Following the outbreak of the civil war in 1991, the task of running schools in Somalia was initially taken up by community education committees established in 94% of the local schools. Numerous problems had arisen with regard to access to education in rural areas and along gender lines, quality of educational provisions, responsiveness of school curricula, educational standards and controls, management and planning capacity, and financing. To address these concerns, educational policies are being developed that are aimed at guiding the scholastic process.
The Ministry of Education is officially responsible for education in the country, overseeing the nation's primary, secondary, technical and vocational schools, as well as primary and technical teacher training and non-formal education. About 15% of the government's budget is allocated toward scholastic instruction nowadays. The autonomous Puntland and Somaliland macro-regions maintain their own Ministries of Education.
In 2006, Puntland was the second territory in Somalia after Somaliland to introduce free primary schools, with teachers now receiving their salaries from their administration. From 2005/2006 to 2006/2007, there was a significant increase in the number of schools in Puntland, up 137 institutions from just one year prior. During the same period, the number of classes in the region increased by 504, with 762 more teachers also offering their services. Total student enrollment increased by 27% over the previous year, with girls lagging only slightly behind boys in attendance in most regions. The highest class enrollment was observed in the northernmost Bari region, and the lowest was observed in the under-populated Ayn region. The distribution of classrooms was almost evenly split between urban and rural areas, with marginally more pupils attending and instructors teaching classes in urban areas.
Higher education in Somalia is largely private. Several universities in the country, including Mogadishu University, have been scored among the 100 best universities in Africa in spite of the harsh environment, which has been hailed as a triumph for grass-roots initiatives. Other universities also offering higher education in the south include Benadir University, the Somalia National University, Kismayo University and the University of Gedo. In Puntland, higher education is provided by the Puntland State University and East Africa University. In Somaliland, it is provided by Amoud University, the University of Hargeisa, Somaliland University of Technology and Burao University.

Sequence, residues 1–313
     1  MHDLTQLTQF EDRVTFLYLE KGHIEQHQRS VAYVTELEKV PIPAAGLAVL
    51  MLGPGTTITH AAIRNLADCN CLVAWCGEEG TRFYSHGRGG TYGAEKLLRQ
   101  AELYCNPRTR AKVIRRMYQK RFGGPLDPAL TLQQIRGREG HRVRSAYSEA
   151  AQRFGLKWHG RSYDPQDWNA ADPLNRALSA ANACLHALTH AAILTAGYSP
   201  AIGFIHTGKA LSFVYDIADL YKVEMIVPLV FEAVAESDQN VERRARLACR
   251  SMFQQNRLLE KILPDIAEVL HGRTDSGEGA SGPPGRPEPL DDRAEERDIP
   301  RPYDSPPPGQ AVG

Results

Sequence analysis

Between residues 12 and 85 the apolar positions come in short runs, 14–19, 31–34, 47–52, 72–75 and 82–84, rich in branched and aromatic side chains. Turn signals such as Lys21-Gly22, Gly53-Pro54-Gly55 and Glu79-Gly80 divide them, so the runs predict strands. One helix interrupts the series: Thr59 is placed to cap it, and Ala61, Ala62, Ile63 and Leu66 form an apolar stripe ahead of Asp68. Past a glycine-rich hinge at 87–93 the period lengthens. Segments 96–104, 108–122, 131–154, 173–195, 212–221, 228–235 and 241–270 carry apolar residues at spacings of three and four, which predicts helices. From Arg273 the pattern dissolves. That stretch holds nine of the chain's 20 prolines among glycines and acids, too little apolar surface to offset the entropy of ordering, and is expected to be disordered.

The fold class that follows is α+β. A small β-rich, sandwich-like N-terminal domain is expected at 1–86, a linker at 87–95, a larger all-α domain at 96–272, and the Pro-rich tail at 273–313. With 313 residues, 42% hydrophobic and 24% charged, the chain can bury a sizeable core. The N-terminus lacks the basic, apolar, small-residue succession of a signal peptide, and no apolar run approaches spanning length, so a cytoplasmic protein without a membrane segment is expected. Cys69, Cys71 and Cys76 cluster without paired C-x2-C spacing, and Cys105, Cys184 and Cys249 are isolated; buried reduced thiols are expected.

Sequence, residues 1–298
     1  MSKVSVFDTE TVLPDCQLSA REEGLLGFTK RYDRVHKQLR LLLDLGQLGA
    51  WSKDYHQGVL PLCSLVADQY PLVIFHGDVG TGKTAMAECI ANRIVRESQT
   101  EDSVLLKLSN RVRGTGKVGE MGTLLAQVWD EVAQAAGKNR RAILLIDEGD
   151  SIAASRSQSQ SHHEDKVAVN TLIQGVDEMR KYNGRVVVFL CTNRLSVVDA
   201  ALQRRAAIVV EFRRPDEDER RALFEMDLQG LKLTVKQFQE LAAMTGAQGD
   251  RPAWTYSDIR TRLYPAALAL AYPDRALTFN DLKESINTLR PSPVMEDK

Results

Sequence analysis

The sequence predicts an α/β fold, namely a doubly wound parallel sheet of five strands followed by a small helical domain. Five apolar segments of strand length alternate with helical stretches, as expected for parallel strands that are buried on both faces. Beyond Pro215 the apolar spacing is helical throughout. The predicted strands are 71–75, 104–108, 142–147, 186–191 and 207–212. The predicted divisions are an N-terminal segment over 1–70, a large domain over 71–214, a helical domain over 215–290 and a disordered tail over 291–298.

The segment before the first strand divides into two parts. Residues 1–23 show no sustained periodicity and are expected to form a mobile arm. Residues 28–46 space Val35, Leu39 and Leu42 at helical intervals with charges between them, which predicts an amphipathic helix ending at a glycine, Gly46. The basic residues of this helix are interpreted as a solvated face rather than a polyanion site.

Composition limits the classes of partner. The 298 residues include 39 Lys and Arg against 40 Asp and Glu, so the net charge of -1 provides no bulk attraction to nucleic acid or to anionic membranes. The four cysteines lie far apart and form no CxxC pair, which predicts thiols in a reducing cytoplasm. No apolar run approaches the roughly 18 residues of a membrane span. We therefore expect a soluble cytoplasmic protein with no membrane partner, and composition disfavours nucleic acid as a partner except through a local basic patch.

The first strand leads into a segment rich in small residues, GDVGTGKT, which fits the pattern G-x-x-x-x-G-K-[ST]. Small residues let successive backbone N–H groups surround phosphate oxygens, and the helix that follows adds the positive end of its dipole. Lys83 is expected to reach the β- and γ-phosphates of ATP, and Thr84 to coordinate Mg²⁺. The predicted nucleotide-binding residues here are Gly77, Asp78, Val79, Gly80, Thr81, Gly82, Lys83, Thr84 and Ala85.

Qu'ranic schools (also known as dugsi quran or mal'aamad quran) remain the basic system of traditional religious instruction in Somalia. They provide Islamic education for children, filling a religious and social role in the country. Known as the most stable local, non-formal system of education providing basic religious and moral instruction, their strength rests on community support and their use of locally made and widely available teaching materials. The Qu'ranic system, which teaches the greatest number of students relative to other educational sub-sectors, is often the only system accessible to Somalis in nomadic communities, compared to communities settled in urban areas. A study from 1993 found, among other things, that about 40% of pupils in Qur'anic schools were female. To address shortcomings in religious instruction, the Somali government established the Ministry of Endowment and Islamic Affairs, under which Qur'anic education is now regulated.